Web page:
Donald Trump’s unexpected presidential victory left some students reeling.
By Ruth Steinhardt
Tuesday night began as a party for the George Washington University College Democrats.
The Grand Ballroom on the third floor of the Marvin Center—where the organization held its election night watch party for the final hours of the presidential contest between Hillary Clinton and Donald Trump—was packed to capacity. Students exiting the ballroom had to receive stamps on the back of their hands in order to re-enter. Late arrivals were shuttled to the almost equally packed Continental Ballroom next door.
“It’s like the hottest club in D.C.,” said one student in wonder, laughing.
Inside, students laughed and hugged, posed for photos with life-sized cardboard cutouts of Clinton, Barack Obama and other Democratic politicians. A projection screen stretching from the ballroom ceiling almost to the floor played CNN as the results rolled in.
“This feels like the result of a lot of years and work and struggle,” said College Democrats President Lande Watson, bright-eyed in a blue sweater adorned with an American flag.
Like many others in the room, Ms. Watson had spent recent weeks knocking doors and making phone calls for Hillary Clinton. She had even spent Election Day phone banking for the candidate in between classes.
“Whenever I’ve felt anxious, I’ve just worked,” she said. “I don’t know what I’ll do now. I guess I’ll take up knitting or something.”
The overwhelming atmosphere was one of well-earned celebration.
“I think it’s going to be a big night,” said junior Levi Debose, the organization’s vice president of communications, smiling broadly.
The Democrats had reason to be optimistic. Polls had predicted a moderate to landslide Clinton victory. Even Mr. Debose’s home state of Texas, a Republican stalwart in presidential elections since 1976, briefly showed blue on the electoral map. The cheers when it did were deafening. Mr. Debose leapt into the air.
But as the night wore on, it became clear that polls had not predicted the chaotic Trump effect. Spirits began to flag.
Texas went back to its expected red and stayed that way. High Latino turnout in early voting had suggested good news for Clinton in Florida, but polls showed a more and more significant lead for Trump there. Virginia, which many had considered a safe Clinton victory, hovered in the balance for an unexpected hour before being called for her.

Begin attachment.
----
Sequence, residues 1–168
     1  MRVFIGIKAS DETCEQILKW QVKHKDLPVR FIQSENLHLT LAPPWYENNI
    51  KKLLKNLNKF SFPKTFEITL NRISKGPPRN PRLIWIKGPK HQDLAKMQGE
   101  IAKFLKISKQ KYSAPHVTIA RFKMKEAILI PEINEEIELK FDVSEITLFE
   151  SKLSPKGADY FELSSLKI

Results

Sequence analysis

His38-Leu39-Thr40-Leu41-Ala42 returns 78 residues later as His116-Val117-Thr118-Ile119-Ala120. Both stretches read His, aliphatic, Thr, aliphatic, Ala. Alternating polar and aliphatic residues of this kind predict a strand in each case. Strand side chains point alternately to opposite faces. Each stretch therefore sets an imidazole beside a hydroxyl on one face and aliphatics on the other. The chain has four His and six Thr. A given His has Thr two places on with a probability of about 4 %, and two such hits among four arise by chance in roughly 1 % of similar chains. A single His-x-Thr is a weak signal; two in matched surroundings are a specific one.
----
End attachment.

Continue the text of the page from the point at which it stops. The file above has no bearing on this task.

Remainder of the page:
And the key states of Pennsylvania and North Carolina, where the College Democrats organized large-scale trips in recent months to register voters and get out the vote, seemed more and more likely to fall to Trump.
By 10:30, the mood was still optimistic, but subdued.
“I’m anxious,” admitted junior Asha McCorvey, a longtime Hillary Clinton supporter.
She considers it so important for opposing political sides to hear each other’s points of view that, as a high school student, she joined both the Republican and Democratic student associations. But the Trump phenomenon has been more difficult for her to absorb.
“Donald Trump speaks to a large part of the country, and that’s very confusing for me,” she said.
By midnight, there was little room for doubt. There would be no triumphant march to the White House—and no first female president. Donald Trump would be the next president of the United States.
That was the world Lande Watson woke up to on Wednesday.
“I’m feeling tired, as I think a lot of students are,” she said. “It was a late night, and people worked hard.”
So what’s next?
“There’s going to be a very strong shared understanding that we have an incredible amount of work to do in the next four years,” she said. “I 100 percent believe in everyone that I work with, and everyone I go to school with, and I believe in their ability to fight for the things that matter to us.”